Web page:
Rambo's habit of slaying Asians, Arabs and other non-white folk hasn't prevented him from winning huge audiences in the Third World. Many observers have lamented his popularity there, seeing it as an example of American cultural imperialism. In his 1988 book Video Night in Kathmandu, for example, Pico Iyer complained that Rambo had 'conquered' Asia.
But Iyer and the Dead Kennedys had forgetten that movies, like all forms of art, underdetermine their interpretation. Sylvester Stallone may have sought, for cynically commercially or sincerely patriotic reasons, to make propaganda for American imperialism, but his audiences have had their own priorities.

In her 1989 essay 'Rambo in Tonga', Christine Gailey explained the ways that audiences in the Friendly Islands turned Rambozo into a symbol of Tongan rather than American military prowess. As Gailey noted, many Tongans find it hard to stay still when they watch a movie. With encouragement from other audience members, an individual will often leap from his or her seat and 'enthusiastically interact with the characters on the screen'. Interaction will typically involve providing a running commentary on the film and both imitating and adapting the movements and speech of the film's characters. Gailey noted that the Tongan versions of films like Rambo often bear 'only [a] tangential relation to the film's intended narrative'.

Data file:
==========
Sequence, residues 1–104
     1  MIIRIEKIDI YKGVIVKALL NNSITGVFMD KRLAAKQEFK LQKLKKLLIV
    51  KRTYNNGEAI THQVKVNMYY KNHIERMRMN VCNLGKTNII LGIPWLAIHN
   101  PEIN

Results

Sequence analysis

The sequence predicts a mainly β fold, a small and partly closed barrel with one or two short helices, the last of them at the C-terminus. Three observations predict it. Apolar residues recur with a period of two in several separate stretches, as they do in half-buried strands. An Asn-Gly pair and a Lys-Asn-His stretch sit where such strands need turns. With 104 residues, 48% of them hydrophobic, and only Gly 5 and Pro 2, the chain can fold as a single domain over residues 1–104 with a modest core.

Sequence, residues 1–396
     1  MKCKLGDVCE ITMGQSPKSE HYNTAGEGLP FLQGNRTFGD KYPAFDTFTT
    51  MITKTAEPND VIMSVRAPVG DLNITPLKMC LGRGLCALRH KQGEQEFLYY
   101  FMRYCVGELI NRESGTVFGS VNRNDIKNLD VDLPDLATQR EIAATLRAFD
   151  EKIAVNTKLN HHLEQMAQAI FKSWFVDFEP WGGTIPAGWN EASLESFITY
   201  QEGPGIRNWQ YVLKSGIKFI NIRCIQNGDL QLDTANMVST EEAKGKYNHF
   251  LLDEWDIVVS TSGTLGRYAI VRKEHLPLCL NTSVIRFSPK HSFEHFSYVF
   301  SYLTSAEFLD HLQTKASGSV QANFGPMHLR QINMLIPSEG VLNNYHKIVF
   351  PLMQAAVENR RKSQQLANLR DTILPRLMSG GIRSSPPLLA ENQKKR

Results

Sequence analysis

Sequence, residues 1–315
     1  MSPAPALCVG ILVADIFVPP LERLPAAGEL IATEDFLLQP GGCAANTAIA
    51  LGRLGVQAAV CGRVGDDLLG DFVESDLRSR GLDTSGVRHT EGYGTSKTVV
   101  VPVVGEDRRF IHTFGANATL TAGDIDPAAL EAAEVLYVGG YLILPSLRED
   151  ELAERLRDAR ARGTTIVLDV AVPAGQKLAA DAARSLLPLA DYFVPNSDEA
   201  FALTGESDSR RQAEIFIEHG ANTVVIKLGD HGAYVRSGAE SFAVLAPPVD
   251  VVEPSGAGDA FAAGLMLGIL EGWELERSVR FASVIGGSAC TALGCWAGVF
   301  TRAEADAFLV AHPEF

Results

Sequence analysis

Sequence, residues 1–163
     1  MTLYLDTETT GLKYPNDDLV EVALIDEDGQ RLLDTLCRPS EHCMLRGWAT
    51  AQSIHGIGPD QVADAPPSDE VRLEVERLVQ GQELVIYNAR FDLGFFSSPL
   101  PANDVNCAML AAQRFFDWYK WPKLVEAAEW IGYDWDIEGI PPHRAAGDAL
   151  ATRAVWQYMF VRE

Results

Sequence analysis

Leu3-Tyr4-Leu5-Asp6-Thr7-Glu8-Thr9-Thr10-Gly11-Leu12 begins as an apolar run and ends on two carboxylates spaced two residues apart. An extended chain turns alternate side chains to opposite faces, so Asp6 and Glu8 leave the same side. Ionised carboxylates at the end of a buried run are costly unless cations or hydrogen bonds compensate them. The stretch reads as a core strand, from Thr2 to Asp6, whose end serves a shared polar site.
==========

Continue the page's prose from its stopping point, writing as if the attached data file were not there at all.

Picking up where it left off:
In the kava clubs and lounge rooms of Tonga, Rambo ceases to be a 1980s Cold Warrior, and instead becomes an assistant to the Tongan Defence Force as it fights the Japanese Imperial Army through the mountains and forests of Melanesia during World War Two.

Writing in the Journal of the Polynesian Society in 2009, Sarina Pearson amplified Gailey's points. In 'Video Night in Nuku'alofa', an essay whose title nodded ironically at Pico Iyer's book, Pearson argued that Tongans had 'localised and rehistoricised' Rambo and many other Hollywood and Bollywood movies.

When I discussed Pearson's text in my Modern Pacific History paper at the 'Atenisi Institute, the young film buff Miko Tohi* talked at length about the ways in which Tongans far from the bright lights of Nuku'alofa 'act out' foreign movies. "For a long time a lot of people in remote villages never got to see films, because of the lack of power" he explained, "but you wouldn't know that from listening to them talk. Often they'd received a very inaccurate version of a film from a fellow villager who'd seen it first-hand, then narrated and acted it for them." Miko had no doubts about the way his fellow Tongans viewed Rambo. "For a lot of Tongans, Rambo fights in the Second World War" he said.

The Tongans may have sent Rambo back to the 1940s, but for the people of Bougainville, the copper-rich island in the extreme south of Papua New Guinea, he is very much a contemporary figure. in 1989, after decades of unarmed protest against a huge mine that had capsized their gardens and poisoned their dams, the Bougainvilleans launched a guerrilla war designed to force the mine's Western owners off their island and to win political independence from Port Moresby.